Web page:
Most of the rusted components are not covered under Ford’s warranty even though the Edge gets a 5-year corrosion warranty with unlimited mileage.
To keep the car rust-free, repair all body damages and stone chips as soon as possible and undercoat the car with wax or any other breathable coating when it’s new.
Many complaints were recorded regarding the automatic transmission, especially in the early years with the 6-speed box. Several owners reported complete transmission failure. Fortunately, Ford fixed most of these issues with the newer models by replacing the old unit with a modern 8-speed setup that offers better reliability and performance.
Although some of the early models had reliability issues, Ford quickly repaired most of them, and the current reliability rating by J.D. Power stands at 3 out of 5, which is average for its class. The most reliable model was the 2014 model with a rating of 4 out of 5.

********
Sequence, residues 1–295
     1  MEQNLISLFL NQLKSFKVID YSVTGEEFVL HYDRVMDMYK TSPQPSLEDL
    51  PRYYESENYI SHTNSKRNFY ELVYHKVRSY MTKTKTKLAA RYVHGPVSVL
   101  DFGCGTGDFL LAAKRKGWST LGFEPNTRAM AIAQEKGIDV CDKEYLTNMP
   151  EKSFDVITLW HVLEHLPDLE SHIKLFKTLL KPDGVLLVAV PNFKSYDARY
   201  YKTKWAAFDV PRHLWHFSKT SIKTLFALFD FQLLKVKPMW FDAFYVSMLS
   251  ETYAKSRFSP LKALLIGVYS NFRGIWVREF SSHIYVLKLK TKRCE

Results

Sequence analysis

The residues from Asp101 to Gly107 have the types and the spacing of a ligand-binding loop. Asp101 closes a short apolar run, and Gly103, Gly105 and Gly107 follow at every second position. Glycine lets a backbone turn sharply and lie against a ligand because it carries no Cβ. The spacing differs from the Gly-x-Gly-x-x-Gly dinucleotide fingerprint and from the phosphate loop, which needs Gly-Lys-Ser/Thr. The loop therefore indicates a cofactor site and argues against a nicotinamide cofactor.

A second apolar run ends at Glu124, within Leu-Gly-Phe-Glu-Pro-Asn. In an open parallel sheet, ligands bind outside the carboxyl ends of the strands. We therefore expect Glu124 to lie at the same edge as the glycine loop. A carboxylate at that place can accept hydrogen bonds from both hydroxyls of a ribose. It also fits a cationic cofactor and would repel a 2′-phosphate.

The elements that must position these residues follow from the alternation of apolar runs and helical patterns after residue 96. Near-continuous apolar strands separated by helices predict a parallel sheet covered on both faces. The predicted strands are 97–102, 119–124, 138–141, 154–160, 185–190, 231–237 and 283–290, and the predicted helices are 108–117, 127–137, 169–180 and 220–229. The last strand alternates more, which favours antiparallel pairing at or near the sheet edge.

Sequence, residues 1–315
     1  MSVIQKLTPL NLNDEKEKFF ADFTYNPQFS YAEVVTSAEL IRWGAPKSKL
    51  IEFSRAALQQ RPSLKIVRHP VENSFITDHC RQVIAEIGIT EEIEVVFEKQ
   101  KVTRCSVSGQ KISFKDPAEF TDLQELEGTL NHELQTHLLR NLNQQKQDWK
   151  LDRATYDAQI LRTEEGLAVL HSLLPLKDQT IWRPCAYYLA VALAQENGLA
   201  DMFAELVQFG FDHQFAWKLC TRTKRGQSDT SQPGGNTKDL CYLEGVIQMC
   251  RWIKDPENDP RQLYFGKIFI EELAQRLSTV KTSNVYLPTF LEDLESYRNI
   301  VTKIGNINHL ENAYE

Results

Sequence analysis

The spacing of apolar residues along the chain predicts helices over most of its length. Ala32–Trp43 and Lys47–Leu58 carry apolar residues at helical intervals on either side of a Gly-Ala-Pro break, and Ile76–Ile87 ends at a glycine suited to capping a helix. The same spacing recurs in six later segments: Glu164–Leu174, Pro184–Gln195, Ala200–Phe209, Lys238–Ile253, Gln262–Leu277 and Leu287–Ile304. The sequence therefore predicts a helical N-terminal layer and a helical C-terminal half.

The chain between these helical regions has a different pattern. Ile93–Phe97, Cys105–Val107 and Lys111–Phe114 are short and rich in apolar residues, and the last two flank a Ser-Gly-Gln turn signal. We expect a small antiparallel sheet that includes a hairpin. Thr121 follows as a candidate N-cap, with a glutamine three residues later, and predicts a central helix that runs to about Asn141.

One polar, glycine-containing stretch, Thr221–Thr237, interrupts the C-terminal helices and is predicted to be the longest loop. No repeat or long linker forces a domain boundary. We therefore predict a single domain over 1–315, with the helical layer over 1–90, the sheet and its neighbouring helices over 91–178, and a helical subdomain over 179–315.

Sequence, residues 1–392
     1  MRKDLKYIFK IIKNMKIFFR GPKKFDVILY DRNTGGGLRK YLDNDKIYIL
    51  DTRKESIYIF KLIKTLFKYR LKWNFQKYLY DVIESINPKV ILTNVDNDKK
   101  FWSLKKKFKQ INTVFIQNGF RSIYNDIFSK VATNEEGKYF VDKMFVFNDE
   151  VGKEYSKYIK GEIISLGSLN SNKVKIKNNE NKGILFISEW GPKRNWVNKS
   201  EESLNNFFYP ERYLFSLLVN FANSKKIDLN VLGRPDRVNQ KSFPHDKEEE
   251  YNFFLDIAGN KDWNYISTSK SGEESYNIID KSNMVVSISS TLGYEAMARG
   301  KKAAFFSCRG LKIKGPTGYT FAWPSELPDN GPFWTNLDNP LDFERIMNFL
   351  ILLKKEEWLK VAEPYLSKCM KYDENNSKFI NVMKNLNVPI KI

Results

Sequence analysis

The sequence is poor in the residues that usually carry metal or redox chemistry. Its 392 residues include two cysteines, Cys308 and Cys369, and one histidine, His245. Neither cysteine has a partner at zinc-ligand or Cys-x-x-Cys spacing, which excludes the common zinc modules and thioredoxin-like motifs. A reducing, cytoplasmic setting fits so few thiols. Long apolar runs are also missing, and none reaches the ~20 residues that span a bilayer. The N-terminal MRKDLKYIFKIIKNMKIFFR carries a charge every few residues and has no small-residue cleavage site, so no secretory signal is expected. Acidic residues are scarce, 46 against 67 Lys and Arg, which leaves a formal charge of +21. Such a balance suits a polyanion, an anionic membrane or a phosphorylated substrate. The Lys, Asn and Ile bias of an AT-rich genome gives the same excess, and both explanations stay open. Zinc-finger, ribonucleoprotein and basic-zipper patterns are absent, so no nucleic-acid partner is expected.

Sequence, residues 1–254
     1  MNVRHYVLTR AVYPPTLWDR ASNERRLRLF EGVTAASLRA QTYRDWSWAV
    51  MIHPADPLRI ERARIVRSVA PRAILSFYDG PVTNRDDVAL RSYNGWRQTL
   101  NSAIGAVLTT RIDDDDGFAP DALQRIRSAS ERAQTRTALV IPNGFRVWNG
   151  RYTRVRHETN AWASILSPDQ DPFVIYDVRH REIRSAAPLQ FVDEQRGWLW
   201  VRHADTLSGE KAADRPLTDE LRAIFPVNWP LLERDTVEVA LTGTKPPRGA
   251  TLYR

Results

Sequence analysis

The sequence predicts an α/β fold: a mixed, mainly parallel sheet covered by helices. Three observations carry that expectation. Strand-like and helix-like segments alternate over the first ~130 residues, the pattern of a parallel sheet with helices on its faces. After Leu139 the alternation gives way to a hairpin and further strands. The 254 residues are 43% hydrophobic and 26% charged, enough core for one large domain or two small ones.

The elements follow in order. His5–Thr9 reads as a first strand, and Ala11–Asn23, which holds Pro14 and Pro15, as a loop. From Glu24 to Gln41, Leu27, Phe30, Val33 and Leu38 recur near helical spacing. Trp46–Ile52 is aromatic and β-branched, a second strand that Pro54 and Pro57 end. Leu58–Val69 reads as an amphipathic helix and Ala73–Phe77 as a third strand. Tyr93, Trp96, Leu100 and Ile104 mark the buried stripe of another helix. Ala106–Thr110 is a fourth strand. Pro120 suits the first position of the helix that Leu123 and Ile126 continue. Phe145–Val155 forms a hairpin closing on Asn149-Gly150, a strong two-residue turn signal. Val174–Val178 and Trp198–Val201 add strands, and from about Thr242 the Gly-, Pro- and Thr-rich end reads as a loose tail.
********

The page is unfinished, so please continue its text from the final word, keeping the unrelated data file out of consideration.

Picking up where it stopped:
Maintenance cost is also on the higher side, crossing $600 per year, which is slightly higher than the industry average. To avoid high repair bills and improve reliability, follow the manufacturer’s maintenance schedule and repair all issues before they snowball into something major.
Longevity compared to competitors
As expected, almost all its rivals, especially Japanese models like the Honda Pilot can outlast the Ford Edge easily, remaining serviceable even after 300,000 miles. However, the Pilot has severe rusting issues that can crop up even when the car is new, leading to early repairs.
Compared to Hyundai Santa Fe, the Ford Edge is easier to maintain with lower service and repair costs.
In conclusion, the Ford Edge can easily last a long time and can outlast most of its rivals if properly maintained.